This case began innocuously enough, when a cut in the Alabama cigarette tax forced the state to fire 99 professional, subprofessional, and intern employees 2 at the Bryce Hospital, a state-run institution for the mentally ill at Tuscaloosa. The plaintiffs filed their complaint October 23, 1970. The complaint named two classes as plaintiffs. One, represented by Ricky Wyatt and two other named plaintiffs, appellees here, consisted of the patients at Bryce. The other, represented by five of the then recently terminated employees, consisted of the employees who had been dismissed for budgetary reasons. The defendants were Stonewall B. Stickney, then Executive Officer of the Alabama State Mental Health Board; Dr. John V. Hottel, his Chief Deputy; the members of the Board; then Governor Albert P. Brewer, both in his capacity as Governor and in his capacity as a member of the Board; and Judge Perry O. Hooper, Probate Judge of Montgomery County, both individually and as a representative of the class consisting of all probate judges in Alabama.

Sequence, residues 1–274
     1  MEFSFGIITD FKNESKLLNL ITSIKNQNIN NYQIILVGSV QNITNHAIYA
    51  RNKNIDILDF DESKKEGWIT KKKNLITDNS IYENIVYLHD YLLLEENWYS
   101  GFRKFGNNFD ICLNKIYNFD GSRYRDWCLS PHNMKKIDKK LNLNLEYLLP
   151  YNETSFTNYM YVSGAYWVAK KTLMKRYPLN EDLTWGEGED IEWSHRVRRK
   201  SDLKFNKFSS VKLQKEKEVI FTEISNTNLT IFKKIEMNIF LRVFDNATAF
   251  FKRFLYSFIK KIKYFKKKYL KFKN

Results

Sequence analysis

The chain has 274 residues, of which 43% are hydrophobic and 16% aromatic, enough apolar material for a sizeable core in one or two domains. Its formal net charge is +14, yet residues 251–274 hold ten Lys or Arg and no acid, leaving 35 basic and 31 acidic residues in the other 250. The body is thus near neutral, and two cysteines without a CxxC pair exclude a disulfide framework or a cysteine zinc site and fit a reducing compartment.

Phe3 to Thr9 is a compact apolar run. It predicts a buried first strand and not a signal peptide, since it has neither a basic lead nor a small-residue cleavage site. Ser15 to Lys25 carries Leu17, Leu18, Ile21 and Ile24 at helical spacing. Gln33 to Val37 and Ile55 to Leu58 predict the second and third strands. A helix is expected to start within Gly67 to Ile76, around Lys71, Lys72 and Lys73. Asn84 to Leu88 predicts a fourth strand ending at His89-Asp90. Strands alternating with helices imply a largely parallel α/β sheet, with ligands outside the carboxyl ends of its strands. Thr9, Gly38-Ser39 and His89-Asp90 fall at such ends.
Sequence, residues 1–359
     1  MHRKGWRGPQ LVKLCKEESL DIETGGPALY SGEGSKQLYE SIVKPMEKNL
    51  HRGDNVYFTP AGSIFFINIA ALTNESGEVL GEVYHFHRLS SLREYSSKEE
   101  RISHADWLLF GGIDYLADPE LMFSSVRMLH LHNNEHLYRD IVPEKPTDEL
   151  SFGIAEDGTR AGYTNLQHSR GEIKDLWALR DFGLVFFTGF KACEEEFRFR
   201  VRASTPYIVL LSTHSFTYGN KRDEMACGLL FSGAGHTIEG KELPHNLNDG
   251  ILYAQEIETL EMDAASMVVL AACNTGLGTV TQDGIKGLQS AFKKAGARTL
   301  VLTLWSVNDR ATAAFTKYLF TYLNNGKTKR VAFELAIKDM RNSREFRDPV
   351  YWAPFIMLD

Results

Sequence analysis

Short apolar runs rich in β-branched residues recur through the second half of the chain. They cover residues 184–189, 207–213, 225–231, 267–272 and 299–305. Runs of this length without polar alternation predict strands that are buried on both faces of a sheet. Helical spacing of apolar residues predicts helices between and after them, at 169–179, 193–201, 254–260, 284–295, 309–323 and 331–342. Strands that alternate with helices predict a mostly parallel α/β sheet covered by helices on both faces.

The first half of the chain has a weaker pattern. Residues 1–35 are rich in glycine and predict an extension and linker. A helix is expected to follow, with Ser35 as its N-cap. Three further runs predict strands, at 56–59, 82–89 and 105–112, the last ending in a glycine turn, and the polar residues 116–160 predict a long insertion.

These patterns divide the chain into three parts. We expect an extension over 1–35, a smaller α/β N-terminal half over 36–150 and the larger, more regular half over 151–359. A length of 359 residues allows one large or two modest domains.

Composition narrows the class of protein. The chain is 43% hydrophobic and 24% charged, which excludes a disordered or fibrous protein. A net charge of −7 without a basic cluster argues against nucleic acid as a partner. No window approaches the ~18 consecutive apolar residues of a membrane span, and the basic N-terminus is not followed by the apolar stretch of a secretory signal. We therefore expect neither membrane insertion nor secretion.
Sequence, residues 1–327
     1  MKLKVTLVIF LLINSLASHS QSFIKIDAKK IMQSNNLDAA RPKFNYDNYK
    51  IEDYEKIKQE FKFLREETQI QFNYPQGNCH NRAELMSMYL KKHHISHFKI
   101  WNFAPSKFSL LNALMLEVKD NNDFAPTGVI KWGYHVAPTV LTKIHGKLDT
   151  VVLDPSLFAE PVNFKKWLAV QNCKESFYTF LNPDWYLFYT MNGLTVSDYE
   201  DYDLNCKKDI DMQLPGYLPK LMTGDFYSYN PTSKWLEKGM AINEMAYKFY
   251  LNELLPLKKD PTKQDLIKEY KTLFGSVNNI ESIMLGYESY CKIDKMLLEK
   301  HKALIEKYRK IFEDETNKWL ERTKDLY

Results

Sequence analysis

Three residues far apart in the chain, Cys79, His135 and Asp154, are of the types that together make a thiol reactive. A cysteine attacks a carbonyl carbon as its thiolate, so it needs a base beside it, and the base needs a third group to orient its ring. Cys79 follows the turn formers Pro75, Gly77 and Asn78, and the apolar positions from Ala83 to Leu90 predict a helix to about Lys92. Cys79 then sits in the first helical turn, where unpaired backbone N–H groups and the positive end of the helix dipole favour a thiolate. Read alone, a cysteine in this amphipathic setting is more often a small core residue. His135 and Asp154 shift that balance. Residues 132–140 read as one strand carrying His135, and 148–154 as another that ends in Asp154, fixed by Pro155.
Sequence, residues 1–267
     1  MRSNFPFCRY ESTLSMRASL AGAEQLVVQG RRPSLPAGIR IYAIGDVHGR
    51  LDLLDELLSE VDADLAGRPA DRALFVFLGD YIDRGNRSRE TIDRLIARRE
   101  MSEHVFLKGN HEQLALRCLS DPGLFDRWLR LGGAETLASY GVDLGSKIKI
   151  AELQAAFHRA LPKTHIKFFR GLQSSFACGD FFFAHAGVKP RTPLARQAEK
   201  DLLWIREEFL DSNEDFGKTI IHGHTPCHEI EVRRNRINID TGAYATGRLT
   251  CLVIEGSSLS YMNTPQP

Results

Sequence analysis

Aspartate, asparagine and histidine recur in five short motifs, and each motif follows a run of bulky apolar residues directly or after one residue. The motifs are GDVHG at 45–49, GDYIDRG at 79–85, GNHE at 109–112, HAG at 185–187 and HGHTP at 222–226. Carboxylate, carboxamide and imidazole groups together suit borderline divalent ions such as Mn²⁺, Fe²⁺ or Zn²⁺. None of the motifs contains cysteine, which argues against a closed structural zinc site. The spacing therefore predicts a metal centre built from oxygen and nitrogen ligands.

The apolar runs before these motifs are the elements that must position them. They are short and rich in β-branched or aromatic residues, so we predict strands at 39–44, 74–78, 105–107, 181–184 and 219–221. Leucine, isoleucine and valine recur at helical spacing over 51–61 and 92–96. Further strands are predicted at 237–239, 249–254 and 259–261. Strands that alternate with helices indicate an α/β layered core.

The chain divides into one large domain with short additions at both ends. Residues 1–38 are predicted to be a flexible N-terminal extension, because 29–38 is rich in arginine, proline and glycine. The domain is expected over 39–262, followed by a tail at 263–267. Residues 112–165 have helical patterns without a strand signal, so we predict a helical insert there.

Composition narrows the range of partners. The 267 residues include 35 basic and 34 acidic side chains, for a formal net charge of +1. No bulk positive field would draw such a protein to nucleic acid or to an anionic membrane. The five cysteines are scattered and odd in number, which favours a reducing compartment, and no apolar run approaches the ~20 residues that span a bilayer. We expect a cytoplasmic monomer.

The complaint alleged that the defendants had effected the staff reductions purely for budgetary reasons; that the discharges of the 99 employees had been accomplished without notice and a hearing, and violated the employees' rights under the due process clause; and that as a result of the discharges the patients at Bryce would not receive adequate treatment. The complaint sought injunctive relief requiring the defendants to insure that treatment programs then being administered at Bryce would not be interrupted or altered, and requiring the defendants to rescind the terminations of the 99 employees.